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Determining angle from initial velocity and distance

  1. Nov 4, 2008 #1
    1. The problem statement, all variables and given/known data

    A gun fires a round that goes 122 km in 170 seconds before impacting the ground. Ignore air resistance and the curvature of the earth. Find the muzzle velocity and angle.

    2. Relevant equations

    Vx = Vi(cos(theta)) Yx = Vi(sin(theta)) t= (-2Vy/-9.8) and D=(Vi2(sin(2theta)))/-9.8

    3. The attempt at a solution

    I found the correct muzzle velocity. Use distance 122*1000 then divide by time. This is horizontal velocity 717.647. Then use the third equation to find vertical. 170 = -2Vy/9.8.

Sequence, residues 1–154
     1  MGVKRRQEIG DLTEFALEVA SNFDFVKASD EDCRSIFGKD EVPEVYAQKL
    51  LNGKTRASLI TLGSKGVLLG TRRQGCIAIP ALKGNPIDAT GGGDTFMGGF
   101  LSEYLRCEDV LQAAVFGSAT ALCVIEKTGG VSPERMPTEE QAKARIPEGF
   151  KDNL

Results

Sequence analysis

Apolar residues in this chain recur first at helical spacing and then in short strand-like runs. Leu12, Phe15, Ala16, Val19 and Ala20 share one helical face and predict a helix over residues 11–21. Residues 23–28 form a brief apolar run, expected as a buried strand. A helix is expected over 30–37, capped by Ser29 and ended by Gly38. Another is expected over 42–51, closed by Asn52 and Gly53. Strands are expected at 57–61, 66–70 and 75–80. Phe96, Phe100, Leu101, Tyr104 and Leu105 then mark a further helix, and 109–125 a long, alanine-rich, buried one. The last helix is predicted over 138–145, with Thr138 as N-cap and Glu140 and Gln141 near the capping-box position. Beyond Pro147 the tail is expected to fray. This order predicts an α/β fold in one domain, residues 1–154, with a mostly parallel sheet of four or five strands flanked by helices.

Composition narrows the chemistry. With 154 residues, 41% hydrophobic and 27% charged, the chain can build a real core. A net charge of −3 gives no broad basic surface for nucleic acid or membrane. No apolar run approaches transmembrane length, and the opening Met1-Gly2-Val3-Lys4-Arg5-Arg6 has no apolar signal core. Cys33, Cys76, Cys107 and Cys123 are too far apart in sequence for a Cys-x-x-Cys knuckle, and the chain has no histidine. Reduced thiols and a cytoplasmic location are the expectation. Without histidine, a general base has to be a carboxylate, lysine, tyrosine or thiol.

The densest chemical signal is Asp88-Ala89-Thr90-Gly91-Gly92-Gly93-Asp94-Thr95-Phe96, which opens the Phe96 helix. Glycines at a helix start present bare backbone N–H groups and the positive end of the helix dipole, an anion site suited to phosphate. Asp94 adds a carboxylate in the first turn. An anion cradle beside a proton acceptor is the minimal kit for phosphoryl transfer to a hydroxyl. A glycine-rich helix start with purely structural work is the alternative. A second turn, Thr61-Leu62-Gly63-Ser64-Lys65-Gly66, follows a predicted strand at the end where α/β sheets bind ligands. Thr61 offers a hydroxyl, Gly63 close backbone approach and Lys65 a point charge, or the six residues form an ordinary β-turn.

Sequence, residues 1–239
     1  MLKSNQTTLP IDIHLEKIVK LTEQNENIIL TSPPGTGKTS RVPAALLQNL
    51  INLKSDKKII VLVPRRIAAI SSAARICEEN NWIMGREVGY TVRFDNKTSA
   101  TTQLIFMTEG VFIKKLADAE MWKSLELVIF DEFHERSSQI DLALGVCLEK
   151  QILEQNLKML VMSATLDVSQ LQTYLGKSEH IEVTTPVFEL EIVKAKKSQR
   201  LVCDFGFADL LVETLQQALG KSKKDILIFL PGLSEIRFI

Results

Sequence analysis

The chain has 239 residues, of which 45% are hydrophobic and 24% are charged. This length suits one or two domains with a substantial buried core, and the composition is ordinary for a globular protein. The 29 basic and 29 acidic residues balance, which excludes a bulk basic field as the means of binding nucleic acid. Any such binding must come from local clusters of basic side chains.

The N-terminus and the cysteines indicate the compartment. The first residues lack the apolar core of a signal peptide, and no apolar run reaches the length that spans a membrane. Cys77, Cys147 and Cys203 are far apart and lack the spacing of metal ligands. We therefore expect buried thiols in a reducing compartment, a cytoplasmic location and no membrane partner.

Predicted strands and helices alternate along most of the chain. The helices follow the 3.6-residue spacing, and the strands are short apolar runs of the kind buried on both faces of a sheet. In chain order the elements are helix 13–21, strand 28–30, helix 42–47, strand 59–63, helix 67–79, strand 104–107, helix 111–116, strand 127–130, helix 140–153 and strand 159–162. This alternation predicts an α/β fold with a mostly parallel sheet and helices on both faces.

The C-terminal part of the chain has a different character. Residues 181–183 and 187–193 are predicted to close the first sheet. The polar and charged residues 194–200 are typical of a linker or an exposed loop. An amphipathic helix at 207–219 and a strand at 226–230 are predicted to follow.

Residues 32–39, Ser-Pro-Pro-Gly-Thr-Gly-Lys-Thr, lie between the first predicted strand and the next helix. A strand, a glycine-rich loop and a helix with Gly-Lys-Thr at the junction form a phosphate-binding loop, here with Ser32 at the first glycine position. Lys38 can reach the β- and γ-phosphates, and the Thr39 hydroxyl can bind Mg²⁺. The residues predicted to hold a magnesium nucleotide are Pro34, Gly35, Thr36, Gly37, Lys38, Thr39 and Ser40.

Then use pythagorean to find final vector: 1099.502752

    Now for the angle I used the fourth equation.

    122000 = 1099.5027522(sin(2theta))/9.8

    .9889931081 = sin(2theta)

    40.74559192 degrees I guess this answer is wrong. I know the muzzle velocity is correct but according to the teacher it the angle is incorrect. Are my equations flawed or did I mess up?
     
  2. jcsd
  3. Nov 5, 2008 #2

    Redbelly98

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    The problem with the method you used is, there are two different angles between 0 and 90 where sine(2theta)=0.98899...

    How using Vx and Vy to draw a right triangle, then use trig to get the angle?
     
  4. Nov 6, 2008 #3
    I got it. I used the Vx velocity which was easy to find then found the height assuming that it is landing at the same height and used tangent to find the final velocity vector. Thank you.
     
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